Telstar students of the month involved in school, community

The Bethel Rotary Club is pleased to sponsor the Telstar HS Student of the Month program. November/December Students of the month seen from left are sophomore Matt Bean, senior Frank Campra, junior Emily Cummings and freshman Ella Akers. File Photo/Bethel Citizen

BETHEL – Telstar High School November/December (SOM) students are involved in school activities and community service projects.

In a Zoom meeting on Monday, January 31, Fransesco “Frank” Campra, a senior Italian and international exchange student, junior Emily Cummings, sophomore Matt Bean and freshman Ella Akers outlined their activities and goals for current careers.

Campra was a member of the cross country team and now plays basketball. He has not yet participated in community service activities, but believes he will in the future.

Talking with organizations is something Campra plans to do. He expects to showcase his accomplishments and how his life has changed as part of his Capstone project (required for graduation).

“I will be presenting at an assembly as the student of the month,” he said. Campra can discuss some of the major differences between the school systems in Italy and Maine.

“We don’t have classes where we change,” he said. “We have a class and the teachers change. We don’t have lockers, we just carry our backpacks, our books.

Laptops are used but schools in Italy do not provide them. “If you have yours, great, if not, too bad,” Campra said. “We still use books and notebooks.”

In Italy, students go to school six days a week, spend five years in high school instead of four in Maine, he said. School starts at 8:30 a.m., ends at 1:30 p.m. and there is no lunch, just a mid-day break, Campra said.

“You can’t choose your classes, you have to take the classes the school offers,” he said. “It’s like a university – you have to choose the field that interests you.”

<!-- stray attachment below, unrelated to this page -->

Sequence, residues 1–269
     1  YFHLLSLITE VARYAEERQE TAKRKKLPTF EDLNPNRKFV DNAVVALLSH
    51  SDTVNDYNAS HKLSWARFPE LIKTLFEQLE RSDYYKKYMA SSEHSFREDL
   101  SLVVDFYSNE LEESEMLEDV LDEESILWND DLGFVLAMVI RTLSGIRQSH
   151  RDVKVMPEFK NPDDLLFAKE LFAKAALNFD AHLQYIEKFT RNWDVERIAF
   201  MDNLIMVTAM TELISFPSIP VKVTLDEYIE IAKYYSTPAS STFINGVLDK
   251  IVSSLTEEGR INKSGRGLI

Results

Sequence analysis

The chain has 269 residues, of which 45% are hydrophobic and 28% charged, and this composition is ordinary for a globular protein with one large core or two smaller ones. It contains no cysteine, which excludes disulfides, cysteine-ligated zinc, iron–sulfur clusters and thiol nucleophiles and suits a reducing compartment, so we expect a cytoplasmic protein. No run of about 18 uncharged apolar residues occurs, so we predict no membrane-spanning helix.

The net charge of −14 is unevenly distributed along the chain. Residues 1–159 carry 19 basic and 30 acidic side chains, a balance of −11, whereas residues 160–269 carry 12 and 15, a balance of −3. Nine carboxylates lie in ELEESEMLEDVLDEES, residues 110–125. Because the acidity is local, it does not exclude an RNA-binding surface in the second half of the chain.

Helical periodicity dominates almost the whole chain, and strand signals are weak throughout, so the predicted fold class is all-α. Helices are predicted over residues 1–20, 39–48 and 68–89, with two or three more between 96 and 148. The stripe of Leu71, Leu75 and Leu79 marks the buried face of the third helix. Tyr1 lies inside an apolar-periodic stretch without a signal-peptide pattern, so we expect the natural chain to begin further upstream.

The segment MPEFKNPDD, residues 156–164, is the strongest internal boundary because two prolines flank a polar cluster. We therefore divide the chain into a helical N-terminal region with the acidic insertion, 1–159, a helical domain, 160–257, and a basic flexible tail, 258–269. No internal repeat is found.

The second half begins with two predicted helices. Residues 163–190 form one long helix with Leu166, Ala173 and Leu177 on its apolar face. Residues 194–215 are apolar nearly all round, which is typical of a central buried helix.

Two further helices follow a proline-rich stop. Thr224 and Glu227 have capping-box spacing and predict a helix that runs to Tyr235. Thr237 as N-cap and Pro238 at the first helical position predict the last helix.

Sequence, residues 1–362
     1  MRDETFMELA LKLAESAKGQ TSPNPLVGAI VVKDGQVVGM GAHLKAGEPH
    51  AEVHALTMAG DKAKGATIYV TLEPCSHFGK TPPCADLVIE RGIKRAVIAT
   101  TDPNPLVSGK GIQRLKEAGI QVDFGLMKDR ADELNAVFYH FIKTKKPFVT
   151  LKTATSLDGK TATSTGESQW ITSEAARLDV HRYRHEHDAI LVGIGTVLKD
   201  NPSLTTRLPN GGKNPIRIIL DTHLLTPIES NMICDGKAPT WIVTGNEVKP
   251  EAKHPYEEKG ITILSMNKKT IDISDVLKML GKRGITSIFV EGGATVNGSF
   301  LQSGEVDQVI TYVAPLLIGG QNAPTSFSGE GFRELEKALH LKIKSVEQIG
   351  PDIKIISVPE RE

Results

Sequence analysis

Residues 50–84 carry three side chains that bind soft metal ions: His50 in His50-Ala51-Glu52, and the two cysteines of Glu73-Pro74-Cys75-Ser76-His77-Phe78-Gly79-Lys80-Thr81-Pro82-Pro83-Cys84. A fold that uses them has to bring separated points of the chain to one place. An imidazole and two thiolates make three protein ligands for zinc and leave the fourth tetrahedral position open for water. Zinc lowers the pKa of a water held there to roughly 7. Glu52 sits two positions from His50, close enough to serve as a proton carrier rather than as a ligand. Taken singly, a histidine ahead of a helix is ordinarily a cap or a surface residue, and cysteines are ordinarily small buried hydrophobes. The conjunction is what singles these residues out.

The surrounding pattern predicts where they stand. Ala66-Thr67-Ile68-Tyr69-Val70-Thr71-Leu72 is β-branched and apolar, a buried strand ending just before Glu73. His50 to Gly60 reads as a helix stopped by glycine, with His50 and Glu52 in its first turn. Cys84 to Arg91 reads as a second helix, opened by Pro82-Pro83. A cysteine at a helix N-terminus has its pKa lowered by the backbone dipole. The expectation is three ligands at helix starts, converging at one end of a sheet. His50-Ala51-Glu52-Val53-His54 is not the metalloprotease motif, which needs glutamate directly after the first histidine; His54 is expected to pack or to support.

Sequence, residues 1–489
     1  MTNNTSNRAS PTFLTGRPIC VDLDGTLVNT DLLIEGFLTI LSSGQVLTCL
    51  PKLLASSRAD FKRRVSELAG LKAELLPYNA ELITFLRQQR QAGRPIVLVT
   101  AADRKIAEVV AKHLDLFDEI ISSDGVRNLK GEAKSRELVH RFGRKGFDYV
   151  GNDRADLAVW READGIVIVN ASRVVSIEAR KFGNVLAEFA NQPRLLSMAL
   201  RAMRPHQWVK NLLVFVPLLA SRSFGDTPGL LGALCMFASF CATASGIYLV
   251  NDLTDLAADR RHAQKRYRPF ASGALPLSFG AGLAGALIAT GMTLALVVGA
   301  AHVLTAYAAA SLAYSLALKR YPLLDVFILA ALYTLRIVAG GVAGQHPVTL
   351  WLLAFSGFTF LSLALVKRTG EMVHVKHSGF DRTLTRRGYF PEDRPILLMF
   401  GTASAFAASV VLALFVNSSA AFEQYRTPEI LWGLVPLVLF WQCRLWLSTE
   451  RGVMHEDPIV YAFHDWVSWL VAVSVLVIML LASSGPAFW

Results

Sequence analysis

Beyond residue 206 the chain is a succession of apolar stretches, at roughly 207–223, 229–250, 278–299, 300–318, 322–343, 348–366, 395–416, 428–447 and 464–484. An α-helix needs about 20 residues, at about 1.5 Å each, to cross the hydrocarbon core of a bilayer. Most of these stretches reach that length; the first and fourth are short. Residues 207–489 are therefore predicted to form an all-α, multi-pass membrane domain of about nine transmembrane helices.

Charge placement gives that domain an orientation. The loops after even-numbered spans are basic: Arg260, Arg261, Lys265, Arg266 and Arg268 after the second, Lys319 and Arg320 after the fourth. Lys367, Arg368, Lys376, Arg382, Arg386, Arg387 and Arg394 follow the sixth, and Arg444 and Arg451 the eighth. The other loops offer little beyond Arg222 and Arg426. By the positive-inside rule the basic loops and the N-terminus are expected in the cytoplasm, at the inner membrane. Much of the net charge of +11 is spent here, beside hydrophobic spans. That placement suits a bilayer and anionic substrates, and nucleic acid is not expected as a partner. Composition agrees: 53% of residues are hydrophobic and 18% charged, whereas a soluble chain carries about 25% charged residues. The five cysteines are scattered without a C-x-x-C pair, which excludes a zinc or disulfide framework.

For Campra, the most important difference – in a positive way – is the importance of sports activities here. “The Italian system doesn’t really care about athletics, it just cares about academics,” he said. “We don’t play sports at school. If you want to play, you have to join a traveling association, club or team. I was surprised how well organized the sports teams are here.

While Campra misses speaking Italian the most – because he loves his language – he teaches it to his friends so they can speak it with him.

The university is different in Italy and Campra always tries to find its best options. He plans to apply to colleges here and see what they can do, but he has to return to Italy and finish his final year there.

“I still have a year to think about it,” he said. “I’m interested in sport, quite good at maths so I’m interested in management first, then more specifically in sports management.

Cummings is part of Telstar’s JMG program which was established last spring. She is a secretary and part of the management team. During weekly meetings, she helped organize fundraisers like the Christmas fundraiser held last month.

“We’ve put together a resource cabinet for the school,” she said. “It offers personal care products, food and snacks for children at school.”